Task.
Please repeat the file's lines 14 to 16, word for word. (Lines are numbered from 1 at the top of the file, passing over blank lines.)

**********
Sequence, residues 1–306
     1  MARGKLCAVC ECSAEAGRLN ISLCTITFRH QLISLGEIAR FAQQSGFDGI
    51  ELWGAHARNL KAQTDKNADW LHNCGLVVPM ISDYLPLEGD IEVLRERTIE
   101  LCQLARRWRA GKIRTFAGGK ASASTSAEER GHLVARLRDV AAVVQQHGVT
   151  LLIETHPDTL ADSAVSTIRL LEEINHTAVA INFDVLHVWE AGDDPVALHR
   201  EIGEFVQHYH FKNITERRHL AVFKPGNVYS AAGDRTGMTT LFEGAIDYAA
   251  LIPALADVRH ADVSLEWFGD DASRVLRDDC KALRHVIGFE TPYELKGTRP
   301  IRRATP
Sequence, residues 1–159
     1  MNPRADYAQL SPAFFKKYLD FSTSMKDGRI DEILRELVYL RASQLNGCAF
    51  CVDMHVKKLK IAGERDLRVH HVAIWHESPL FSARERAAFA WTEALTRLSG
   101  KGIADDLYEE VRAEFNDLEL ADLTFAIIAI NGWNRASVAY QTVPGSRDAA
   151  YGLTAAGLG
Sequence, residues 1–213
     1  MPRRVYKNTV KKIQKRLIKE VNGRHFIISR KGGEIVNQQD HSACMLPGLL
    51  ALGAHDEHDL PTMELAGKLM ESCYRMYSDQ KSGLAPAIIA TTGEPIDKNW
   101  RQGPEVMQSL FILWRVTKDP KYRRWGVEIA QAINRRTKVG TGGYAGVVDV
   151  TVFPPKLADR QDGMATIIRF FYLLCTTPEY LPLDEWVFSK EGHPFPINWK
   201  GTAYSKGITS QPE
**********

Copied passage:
Sequence, residues 1–213
     1  MPRRVYKNTV KKIQKRLIKE VNGRHFIISR KGGEIVNQQD HSACMLPGLL
    51  ALGAHDEHDL PTMELAGKLM ESCYRMYSDQ KSGLAPAIIA TTGEPIDKNW